The environmental impacts of this material have not been well studied and the source of fructose for the production of DMF remains an important issue but this type of innovative thinking has a place in our efforts to move away from dependence on fossil fuels.

Complete citation:
Roman-Leshkov, Y., C. J. Barrett, Z. Y. Liu, and J. A. Dumesic. 2007. Production of dimethylfuran for liquid fuels from biomass-derived carbohydrates. Nature 447:982-985.

Cow burps and global warming

Methane is a greenhouse gas and methane released into the atmosphere contributes to global climate change. Compared to CO2, relatively little methane is released but it is ~ 20 times more effective at absorbing energy than CO2 so its contribution is significant. There are both human influenced and natural sources of methane. These including rice patties, swamp gasses, termites and ruminants such as cows.

My friend (and a reader of this blog) Marek Kirs send me this link to a story on NPR about attempts to reduce the amount of methane produced by cows. The idea is to adjust the types of food they eat or even manipulate their gut microbial community to eliminate the methanogenic organisms responsible for the gas production.

One of the points the researchers make is that the production of methane is the result of incomplete oxidation of food eaten by the cows. So, the elimination of methanogenesis could result in increases production of meat and milk from these animals. Cattle food conversion ration are around 12%, and any increases would likely be small but the idea is to have enough of an increase to offset any increased cost to the producers.

Wednesday, June 20, 2007

Gut bacteria metabolic diversity

Another paper exploring microbial diversity of the human gut has been released in PLoS Biology. It is open source so go read it for yourself! There is also a summary article on the data intended for a lay audience. The data presented in the paper is very interesting. They sequenced the genomes of two gut bacteria, Bacteroides vulgatus and Bacteroides distasonis, and contrasted their metabolic potential (the genes present in the genome) with the well studied species Bacteroides thetaiotaomicron. This comparison does provide some evidence that niche specialization plays a role in maintaining the diversity of the gut microbiota.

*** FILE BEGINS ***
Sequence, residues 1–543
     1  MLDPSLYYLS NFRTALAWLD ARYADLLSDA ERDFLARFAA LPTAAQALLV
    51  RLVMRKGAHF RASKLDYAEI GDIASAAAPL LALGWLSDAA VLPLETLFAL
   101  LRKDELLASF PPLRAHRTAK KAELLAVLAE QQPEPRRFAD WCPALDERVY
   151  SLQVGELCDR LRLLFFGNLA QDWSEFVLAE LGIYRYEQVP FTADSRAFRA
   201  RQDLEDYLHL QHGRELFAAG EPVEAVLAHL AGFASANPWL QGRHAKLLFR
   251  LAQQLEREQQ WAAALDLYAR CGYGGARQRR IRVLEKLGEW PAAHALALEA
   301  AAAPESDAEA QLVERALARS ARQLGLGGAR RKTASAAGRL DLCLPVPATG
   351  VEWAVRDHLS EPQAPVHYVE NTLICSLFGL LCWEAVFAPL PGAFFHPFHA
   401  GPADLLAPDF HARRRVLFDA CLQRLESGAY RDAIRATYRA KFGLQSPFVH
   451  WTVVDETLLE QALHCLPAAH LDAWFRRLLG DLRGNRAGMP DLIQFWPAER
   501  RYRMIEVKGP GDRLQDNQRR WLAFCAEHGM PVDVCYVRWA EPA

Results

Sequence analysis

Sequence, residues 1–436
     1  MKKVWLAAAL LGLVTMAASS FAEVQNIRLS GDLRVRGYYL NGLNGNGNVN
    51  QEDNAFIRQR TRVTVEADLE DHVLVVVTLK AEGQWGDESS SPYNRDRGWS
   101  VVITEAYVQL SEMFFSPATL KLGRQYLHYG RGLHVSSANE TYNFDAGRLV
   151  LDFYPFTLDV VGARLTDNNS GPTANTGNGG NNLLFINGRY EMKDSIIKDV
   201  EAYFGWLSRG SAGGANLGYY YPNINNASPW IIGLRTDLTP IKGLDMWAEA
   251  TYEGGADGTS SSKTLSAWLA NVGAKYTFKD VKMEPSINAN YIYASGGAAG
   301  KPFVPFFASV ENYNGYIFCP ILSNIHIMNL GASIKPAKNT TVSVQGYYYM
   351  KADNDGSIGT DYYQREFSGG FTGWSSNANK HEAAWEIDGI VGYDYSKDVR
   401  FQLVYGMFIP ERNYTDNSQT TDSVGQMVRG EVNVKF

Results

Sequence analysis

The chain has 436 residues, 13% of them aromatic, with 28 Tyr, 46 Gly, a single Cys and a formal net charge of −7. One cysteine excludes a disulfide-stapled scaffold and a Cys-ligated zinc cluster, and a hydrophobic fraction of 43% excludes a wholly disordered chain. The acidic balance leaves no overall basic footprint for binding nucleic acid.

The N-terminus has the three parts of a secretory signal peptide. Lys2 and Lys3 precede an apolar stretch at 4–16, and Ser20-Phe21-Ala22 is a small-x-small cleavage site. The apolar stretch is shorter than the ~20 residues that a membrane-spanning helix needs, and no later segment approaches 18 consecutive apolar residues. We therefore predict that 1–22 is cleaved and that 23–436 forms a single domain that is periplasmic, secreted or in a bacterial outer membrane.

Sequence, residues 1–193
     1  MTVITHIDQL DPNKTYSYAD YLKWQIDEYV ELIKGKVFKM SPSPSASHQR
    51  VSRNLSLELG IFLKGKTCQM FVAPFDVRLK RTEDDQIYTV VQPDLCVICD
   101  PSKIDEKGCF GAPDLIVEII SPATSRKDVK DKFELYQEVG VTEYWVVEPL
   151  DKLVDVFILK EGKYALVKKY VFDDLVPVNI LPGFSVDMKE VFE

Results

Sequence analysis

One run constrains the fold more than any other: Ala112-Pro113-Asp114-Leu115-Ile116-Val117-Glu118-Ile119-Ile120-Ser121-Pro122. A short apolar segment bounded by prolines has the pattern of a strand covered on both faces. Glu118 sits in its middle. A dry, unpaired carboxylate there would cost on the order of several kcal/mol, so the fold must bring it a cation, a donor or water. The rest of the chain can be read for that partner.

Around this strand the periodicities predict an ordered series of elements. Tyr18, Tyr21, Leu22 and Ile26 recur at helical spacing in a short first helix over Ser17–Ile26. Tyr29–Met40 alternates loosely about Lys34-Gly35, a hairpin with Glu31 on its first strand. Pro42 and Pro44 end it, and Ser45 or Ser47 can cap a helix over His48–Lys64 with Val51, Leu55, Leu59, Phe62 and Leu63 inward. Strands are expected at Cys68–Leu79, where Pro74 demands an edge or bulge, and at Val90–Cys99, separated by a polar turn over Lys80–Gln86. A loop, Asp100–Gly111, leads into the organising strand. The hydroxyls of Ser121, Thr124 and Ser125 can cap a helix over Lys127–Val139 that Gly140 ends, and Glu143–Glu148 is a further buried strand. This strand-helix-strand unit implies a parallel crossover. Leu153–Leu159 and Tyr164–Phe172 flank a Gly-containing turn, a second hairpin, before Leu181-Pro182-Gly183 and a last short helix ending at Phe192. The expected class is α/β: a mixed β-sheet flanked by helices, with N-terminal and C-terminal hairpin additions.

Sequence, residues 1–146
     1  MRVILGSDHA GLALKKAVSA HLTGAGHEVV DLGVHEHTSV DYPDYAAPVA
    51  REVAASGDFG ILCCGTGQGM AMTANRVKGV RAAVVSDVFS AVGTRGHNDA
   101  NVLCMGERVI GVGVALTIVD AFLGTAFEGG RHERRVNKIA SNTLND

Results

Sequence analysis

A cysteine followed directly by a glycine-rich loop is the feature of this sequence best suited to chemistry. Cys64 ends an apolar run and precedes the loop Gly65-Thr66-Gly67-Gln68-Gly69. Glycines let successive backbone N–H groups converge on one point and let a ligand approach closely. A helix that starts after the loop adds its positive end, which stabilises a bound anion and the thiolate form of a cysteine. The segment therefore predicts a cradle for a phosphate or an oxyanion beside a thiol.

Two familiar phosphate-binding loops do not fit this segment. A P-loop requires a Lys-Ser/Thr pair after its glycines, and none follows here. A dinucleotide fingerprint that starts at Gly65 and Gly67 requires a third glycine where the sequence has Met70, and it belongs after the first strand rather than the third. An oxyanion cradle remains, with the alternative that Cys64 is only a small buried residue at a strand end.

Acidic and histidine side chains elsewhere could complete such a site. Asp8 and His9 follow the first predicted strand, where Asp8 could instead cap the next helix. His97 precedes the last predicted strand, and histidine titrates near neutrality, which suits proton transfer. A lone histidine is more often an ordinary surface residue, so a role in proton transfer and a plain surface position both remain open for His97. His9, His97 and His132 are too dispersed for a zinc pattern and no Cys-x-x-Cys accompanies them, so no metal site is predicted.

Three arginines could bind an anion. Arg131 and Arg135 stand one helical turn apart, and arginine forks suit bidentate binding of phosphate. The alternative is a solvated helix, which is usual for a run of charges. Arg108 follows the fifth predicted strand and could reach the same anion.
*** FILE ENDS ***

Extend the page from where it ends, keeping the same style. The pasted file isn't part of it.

The importance of studying the gut microbiota is summed up nicely in the beginning of the author summary:

"Our microbial partners provide us with certain features that we have not had to evolve on our own. In this sense, we should consider ourselves to be a supraorganism whose genetic landscape includes both our own genome as well as the genomes of our resident microbes, and whose physiologic features are a synthesis of human and microbial metabolic traits."

I would have worded the first sentence differently as saying 'have not had to" sounds a bit too teleological to me.

I am also troubled by their use (later in the introduction) of the term "top-down selection" in reference to host driven selective forces that they argue are responsible for maintaining a high degree of functional redundancy in the gut community. I am not aware that the term top-down selection, as used by the broader ecology community, is considered a force for the maintenance of ecosystem stability.

The end of the paper lists a set open questions that it would be very nice to have answers to:
"Do we share an identifiable core “microbiome”? If there is such a core, how does the shell of diversity that surrounds the core influence our individual physiologic properties? How is the human microbiome evolving (within and between individuals) over varying time scales as a function of our changing diets, lifestyle, and biosphere? Finally, how should we define members of the microbiome when microbes possess pan-genomes (all genes present in any of the strains of a species) with varying degrees of “openness” to acquisition of genes from other microbes?"

Sunday, June 17, 2007

Bacterial predators

With the rise of antibiotic resistance in important bacterial pathogens, attention is being focused on alternative treatments for bacterial infections. The most prominent among these is phage therapy. Another potential antimicrobial agent is the predatory bacteria Bdellovibrio and related species

I am not sure how likely it is that these bacteria will ever find use as therapeutic agents, but they are pretty amazing organisms and they definitely have the potential to be used in this way.